Appellant also argues that Barnes' testimony was unreliable because she could not have seen what she claims to have seen from her vantage point on the night of the offense. However, there appears to be no support in the record for this contention beyond appellant's mere conjecture. In fact, appellant's own videotaped-statement to the police suggests the contrary.
When reviewing a claim challenging the sufficiency of the evidence, "[w]e view the evidence in the light most favorable to the government, recognizing [that it is within] the province of the trier of fact to weigh the evidence, determine the credibility of the witnesses and to draw reasonable inferences from the testimony." Dickerson v. United States, 650 A.2d 680, 683 (D.C. 1994); see also Gibson v. United States, 792 A.2d 1059, 1065 (D.C. 2002). While the government "must present `at least some probative evidence on each of the essential elements of the crime,'" Price v. United States, 746 A.2d 896, 899 (D.C. 2000) (quoting Robinson v. United States, 506 A.2d 572, 573 (D.C. 1986)), "[i]t is not necessary that the government's evidence compel a finding of guilt beyond a reasonable doubt, nor that the government negate every possible inference of innocence." Timberlake v. United States, 758 A.2d 978, 980 (D.C. 2000) (citing Bullock v. United States, 709 A.2d 87, 93 (D.C. 1998)). "In recognizing the jury's role in weighing the evidence, [this court] will defer to its credibility determinations, as well as its ability to draw justifiable inferences of fact." Johnson v. United States, 756 A.2d 458, 461 (D.C. 2000).
In order to show that a defendant committed second-degree murder while armed, the government must prove three elements beyond a reasonable doubt: (1) the defendant caused the death of the victim; (2) the defendant had the specific intent to kill or commit serious bodily injury on the victim, or acted with conscious disregard or with an extreme risk of death or serious bodily injury to the decedent; and (3) there were no mitigating circumstances. Williams v. United States, 858 A.2d 984, 993 n. 11 (D.C. 2004).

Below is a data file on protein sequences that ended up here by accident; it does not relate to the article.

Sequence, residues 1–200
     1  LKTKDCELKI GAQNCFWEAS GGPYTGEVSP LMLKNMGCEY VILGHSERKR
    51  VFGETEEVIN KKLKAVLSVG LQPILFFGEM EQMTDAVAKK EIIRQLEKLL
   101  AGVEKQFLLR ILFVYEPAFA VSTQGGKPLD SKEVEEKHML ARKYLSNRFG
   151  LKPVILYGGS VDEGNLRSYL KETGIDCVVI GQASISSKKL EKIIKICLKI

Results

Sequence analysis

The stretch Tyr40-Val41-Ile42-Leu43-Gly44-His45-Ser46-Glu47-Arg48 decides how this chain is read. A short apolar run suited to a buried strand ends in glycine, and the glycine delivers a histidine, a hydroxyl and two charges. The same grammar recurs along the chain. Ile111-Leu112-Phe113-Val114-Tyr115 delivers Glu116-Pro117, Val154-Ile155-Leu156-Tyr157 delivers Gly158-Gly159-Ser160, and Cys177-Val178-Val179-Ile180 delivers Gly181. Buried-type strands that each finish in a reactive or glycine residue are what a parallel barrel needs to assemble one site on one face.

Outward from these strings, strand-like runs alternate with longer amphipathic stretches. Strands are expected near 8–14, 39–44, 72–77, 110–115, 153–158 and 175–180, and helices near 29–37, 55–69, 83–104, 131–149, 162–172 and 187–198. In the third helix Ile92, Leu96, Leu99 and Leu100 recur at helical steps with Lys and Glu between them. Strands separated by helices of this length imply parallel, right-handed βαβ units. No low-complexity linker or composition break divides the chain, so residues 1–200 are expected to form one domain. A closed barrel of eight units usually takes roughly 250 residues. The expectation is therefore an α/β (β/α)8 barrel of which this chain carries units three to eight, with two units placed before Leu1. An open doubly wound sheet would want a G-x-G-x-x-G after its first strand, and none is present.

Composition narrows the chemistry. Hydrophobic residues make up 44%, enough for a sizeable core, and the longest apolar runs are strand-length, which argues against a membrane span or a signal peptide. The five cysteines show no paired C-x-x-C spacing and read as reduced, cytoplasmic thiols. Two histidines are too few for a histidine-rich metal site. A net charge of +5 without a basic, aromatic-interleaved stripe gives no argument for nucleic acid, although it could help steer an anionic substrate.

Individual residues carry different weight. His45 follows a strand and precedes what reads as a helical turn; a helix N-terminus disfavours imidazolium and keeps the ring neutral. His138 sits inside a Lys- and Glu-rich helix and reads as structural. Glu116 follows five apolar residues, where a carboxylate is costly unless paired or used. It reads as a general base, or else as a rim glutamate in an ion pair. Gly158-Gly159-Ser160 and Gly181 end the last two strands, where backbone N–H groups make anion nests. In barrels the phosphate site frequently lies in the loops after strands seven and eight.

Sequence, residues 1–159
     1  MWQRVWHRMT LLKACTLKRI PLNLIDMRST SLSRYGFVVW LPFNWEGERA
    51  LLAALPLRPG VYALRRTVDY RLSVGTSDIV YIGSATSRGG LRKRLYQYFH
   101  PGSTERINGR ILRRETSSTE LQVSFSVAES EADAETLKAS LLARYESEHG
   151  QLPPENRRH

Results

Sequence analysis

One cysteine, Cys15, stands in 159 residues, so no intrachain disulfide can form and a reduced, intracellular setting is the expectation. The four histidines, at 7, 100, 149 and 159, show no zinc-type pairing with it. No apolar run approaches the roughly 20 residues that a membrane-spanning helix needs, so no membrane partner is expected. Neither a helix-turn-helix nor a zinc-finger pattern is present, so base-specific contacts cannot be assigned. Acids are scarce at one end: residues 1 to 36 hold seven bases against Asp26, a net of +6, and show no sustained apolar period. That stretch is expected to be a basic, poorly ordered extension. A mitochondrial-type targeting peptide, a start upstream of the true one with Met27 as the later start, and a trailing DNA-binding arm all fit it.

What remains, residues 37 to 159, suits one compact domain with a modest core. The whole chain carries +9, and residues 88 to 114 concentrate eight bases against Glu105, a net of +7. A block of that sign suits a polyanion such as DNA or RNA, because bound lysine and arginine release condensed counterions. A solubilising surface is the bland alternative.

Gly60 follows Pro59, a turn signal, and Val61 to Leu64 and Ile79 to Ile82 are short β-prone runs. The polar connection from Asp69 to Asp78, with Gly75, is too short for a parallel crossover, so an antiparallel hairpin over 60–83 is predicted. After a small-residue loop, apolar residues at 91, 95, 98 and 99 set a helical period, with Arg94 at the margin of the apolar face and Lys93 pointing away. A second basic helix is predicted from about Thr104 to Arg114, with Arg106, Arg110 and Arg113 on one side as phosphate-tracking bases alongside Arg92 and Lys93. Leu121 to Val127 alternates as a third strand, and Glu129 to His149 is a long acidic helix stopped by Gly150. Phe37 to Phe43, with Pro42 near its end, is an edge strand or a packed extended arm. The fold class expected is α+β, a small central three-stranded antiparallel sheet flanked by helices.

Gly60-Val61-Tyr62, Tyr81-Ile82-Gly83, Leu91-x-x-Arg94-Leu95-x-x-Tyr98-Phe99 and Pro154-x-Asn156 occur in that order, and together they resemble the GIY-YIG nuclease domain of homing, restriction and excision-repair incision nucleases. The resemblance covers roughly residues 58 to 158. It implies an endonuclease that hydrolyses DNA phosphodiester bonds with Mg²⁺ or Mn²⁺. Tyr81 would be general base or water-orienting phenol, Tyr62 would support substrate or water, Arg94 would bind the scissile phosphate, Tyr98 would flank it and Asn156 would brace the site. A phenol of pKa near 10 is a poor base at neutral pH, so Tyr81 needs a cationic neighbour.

In this case, evidence was presented that the appellant threatened to hurt the decedent if he failed to pay a debt that he owed to the appellant. Later on the same day, the appellant confronted the decedent about the debt and frightened the decedent into carrying a bat for protection. Sometime later that same day, the decedent was overheard crying while money was being demanded from him, and shortly thereafter, the appellant was seen running away from the murder scene with a bat that was found to have the decedent's blood on it. There was also evidence that the decedent's death was caused by "blunt impact, head and neck trauma," an injury that was consistent with the type of injury that would have been inflicted by a long and linear object such as a bat. Therefore, viewing the evidence in the light most favorable to the government, the evidence was sufficient to sustain the appellant's conviction of second-degree murder while armed.
Finally, the appellant contends that the prosecutor's closing argument was improper and requires reversal of his conviction. During closing argument, the prosecutor stated:
If you see Mr. Osborne lying on that, that front porch, you see him lying there with this supposed death grip, easiest grip in the world to get out — I mean can you imagine — try it at home, have somebody lie down, reach up, even if that's the truth, it's farfetched that anybody would feel as if they were in imminent danger of bodily harm on those facts, which we submit, by the way, based on all the evidence was not what happened, but lets just give the benefit of the doubt for the moment.
Here, no objection was raised at trial, so we review the appellant's contention under a plain error standard. See United States v. Olano, 507 U.S. 725, 732-35, 113 S.Ct. 1770, 123 L.Ed.2d 508 (1993). In other words, appellant must show that the trial court plainly erred by failing to intervene sua sponte. Irick v. United States, 565 A.2d 26, 30 (D.C. 1989). Here, the error complained of was neither plain nor obvious for the prosecutor's comment went merely to appellant's credibility. See Thacker v. United States, 599 A.2d 52, 61-62 (D.C. 1991) (holding that the trial court's failure to interject itself sua sponte to a challenge to the appellant's credibility during closing argument did not rise to the level of plain error). For that reason, the appellant has failed to meet his burden of showing trial court error sufficient to warrant reversal.
For the foregoing reasons, the decision of the Superior Court is